You can go to my new article, “The End of Marriage in Scandinavia,” for proof that gay marriage does in fact undermine marriage (see previous post). But the truth is, for anyone who has eyes to see, it’s already happening right in front of our eyes. Sunday’s New York Times carried an opinion piece called, “Single and Paying For It,” by Shari Motro. Motro deliberately uses the arguments of gay marriage advocates to make a case for the effective destruction of marriage itself. Plaintiffs in gay marriage cases argue that, by confining the legal and financial benefits of marriage heterosexuals, the law discriminates against gays. Motro agrees, but extends the point to singles. Why should married couples-–gay or straight–-get any benefits at all, asks Motro. But aren’t married couples parents? Motro dismisses this point with statistics that show that large numbers of children are born to unmarried parents. Of course, Motro’s “solution” would only guarantee a huge additional increase in the out-of-wedlock birthrate. In effect, Motro is trying to bring about the same equalization between singlehood and marriage that we find in Scandinavia. And her model is the argument for gay marriage. This shows that the effect of gay marriage will be (indeed, already is) exactly the opposite of the one claimed conservative advocates of gay marriage. Instead of strengthening marriage in society at large, gay marriage is opening the floodgates to a series of changes that can only result in the end of marriage.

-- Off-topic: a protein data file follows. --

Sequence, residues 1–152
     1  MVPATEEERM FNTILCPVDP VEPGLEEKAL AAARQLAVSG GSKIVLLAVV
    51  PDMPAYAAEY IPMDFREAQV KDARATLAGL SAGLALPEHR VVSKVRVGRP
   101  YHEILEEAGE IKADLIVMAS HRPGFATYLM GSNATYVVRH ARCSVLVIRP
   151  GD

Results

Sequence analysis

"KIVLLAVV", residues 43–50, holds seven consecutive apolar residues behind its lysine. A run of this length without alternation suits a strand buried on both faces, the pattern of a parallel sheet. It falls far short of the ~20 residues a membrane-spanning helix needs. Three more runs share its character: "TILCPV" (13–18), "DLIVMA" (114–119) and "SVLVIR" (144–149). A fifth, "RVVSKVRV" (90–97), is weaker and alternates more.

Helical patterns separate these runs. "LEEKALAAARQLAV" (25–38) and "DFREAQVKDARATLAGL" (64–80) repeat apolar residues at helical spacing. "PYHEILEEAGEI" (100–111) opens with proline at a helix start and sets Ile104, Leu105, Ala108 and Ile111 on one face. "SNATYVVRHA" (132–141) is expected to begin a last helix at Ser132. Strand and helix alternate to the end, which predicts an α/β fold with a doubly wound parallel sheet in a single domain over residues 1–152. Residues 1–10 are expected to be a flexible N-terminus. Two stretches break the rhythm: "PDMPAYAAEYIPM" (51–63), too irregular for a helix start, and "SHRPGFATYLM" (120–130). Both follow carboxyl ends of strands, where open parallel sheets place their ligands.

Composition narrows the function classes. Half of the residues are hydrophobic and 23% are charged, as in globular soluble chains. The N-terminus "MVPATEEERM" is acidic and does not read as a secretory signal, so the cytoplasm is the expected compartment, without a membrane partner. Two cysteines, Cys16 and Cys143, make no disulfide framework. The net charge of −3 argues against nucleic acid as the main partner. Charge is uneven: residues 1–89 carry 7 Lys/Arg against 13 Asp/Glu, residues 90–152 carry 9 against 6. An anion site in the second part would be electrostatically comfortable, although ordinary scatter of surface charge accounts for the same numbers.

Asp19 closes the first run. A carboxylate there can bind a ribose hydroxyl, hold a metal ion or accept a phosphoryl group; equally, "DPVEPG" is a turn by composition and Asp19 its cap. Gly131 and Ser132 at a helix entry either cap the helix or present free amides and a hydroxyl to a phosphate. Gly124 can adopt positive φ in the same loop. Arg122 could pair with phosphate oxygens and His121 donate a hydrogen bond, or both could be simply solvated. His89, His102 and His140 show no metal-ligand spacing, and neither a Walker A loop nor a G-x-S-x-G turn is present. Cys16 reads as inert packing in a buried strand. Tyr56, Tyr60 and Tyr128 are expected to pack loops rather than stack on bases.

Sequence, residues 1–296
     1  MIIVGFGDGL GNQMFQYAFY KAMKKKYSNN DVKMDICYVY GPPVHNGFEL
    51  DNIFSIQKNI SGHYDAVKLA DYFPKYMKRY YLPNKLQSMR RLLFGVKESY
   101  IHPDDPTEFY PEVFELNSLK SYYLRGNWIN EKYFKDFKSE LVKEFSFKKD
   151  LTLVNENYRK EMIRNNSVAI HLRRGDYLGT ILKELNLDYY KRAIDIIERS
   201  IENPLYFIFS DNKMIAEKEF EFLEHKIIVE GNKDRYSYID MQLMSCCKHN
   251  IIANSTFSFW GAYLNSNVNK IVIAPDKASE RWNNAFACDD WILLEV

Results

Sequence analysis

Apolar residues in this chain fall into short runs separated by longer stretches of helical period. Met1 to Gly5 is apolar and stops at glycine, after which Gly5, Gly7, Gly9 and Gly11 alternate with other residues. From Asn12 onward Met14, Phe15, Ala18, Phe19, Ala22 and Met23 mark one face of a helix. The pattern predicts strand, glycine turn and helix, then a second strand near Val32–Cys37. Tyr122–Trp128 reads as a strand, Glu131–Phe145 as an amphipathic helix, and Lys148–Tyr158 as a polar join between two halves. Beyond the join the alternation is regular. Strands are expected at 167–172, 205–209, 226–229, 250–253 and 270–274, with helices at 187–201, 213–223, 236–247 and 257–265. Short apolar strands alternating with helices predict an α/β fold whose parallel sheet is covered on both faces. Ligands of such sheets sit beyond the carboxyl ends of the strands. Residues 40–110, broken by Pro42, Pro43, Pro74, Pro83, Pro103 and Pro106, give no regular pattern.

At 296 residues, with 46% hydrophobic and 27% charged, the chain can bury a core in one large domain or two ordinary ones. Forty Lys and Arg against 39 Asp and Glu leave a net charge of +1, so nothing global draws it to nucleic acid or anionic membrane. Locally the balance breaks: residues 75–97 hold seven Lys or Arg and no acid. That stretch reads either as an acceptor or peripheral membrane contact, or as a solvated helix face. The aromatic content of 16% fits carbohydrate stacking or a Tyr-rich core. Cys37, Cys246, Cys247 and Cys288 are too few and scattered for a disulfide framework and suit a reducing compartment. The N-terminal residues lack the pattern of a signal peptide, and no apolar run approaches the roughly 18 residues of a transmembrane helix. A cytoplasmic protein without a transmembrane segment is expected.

Three years ago, in “It’s About Marriage.” I predicted what we just saw in Sunday’s New York Times. I pointed out that there are three things that are “not marriage:” sexual groups, gay couples, and singles. Once the special social support and encouragement given to heterosexual couples is condemned as discriminatory toward gays, I said, the same argument would be made by singles and polyamorists. By featuring a case for “singles rights” inspired by gay marriage advocacy, The New York Times has proven me right. And what about monogamy? Well, just above Shari Motro’s piece this Sunday was, “Should This Marriage Be Saved?” an Op-Ed by Laura Kipnis attacking the president’s marriage initiative. Although she only hints at it in this piece, Kipnis is an opponent of marriage in general, and monogamy in particular. Kipnis, in fact, is a fan of adultery. I blogged on Kipnis’s book last September. Kipnis and Motro would like nothing more than to abolish marriage and move to the Scandinavian system. And both are now featured in a typically “balanced” Op-Ed blitz in the Sunday New York Times. So this is where we are. The gay marriage debate has kicked off a crusade for so-called singles rights, and encouraged those who want to end to monogamy–and ultimately, marriage itself. The New York Times is on board. Take a look at Scandinavia if you want to see the future. But the truth is, the future is right here, right now–and it has absolutely nothing to do with the “conservative case” for gay marriage.